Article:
before you knew it we were on to the finals. repeat national champions all — colin harmon of ireland, scottie callaghan of australia, mike phillips of the usa and soren markussen of denmark, all two-time national champions. raul rodas from guatemala, a three-time national champion (and only age 23!), and stefanos domatiotis, barista champion of greece four times. over here in blissfully ignorant america we tend to think mikey phillips worked pretty hard at getting where he is, but when you’ve competed at the WBC level four times… you have been putting in some really serious hours. scary opposition, anything could happen. but some of us had our hunches.
and lest we forget to tell it, mike phillips — america’s sweetheart? — almost crippled his own chances here. it wasn’t funny at the time, but certain blogging members of team USA assured him “it will be fine” and “it will make a good story when you win”, after our nation’s kid blew out his friggin pinky finger in a moonlight game of kickball in the short weeks between the US championship and making a second stab at the world title. would a hand cast accommodate a portafilter? could the champ learn to tamp ambidextrously? can you make coffee with an atrophied pinky dangling into your signature drink? is it okay if you don’t practice for the most important contest of your career for like, I dunno, a month or so? did his team at least win the kickball game? yeah, mike got the cast off in just enough time to act like nothing happened, but if you squeeze his hand too joyfully be careful…it still hurts.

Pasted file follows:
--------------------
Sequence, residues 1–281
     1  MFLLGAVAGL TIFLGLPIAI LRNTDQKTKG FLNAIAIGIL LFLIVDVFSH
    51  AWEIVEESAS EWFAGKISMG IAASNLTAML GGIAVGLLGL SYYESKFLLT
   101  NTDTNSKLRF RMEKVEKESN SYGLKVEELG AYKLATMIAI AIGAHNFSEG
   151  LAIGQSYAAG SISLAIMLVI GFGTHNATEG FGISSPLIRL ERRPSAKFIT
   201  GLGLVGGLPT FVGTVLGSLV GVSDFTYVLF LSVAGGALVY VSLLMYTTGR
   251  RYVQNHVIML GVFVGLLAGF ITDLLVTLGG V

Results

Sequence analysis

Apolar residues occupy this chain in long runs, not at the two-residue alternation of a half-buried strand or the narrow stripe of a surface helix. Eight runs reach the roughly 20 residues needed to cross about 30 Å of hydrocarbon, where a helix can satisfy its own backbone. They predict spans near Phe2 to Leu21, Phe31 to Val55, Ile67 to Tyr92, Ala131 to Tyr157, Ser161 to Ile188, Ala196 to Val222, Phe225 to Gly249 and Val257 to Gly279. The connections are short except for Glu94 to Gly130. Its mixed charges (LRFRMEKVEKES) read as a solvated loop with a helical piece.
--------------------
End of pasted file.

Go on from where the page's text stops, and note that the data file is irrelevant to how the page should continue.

though i took more pictures than notes this year, the high points of this year’s competition will stay etched on my brain (and into my forearm) for a good long time now. to see so many amazing ambassadors of coffee, particularly those from coffee producing nations, perform at such a high level, is so promising for the future of the industry, and the future of competitions as communicating vessels between us geeks and the outside world. mike’s position with intelligentsia coffee, surely one of the loudest megaphones in the industry, should allow a great deal of opportunity to learn, liaise, discuss and inspire from his new position as our representative and (is that how colin harmon put it?) um, king. but in the afterglow of this year’s happiness, though, we need to open the gender question (and indeed i have with a few of you already) as to how we can build and encourage more female leaders in specialty/whatever you like to call it coffee. year after year of massively male-dominated finalists and going into our eleventh year of male world champions embarrasses me, and should be looked at carefully. what are we doing to make talented women not feel welcome? as we make our slow strides towards equity and fairness in the producing end of coffee, making gender balance visible at the cup level should be a priority too — it’s not like girls can’t make coffee, okay? anyway, a question for the coming year, and one i hope many of you will want to solve with me.
in the meantime, i love you team USA, and though i’m sorry we don’t get to do it again in exactly this way, i’ll see you on finca lasagne anytime.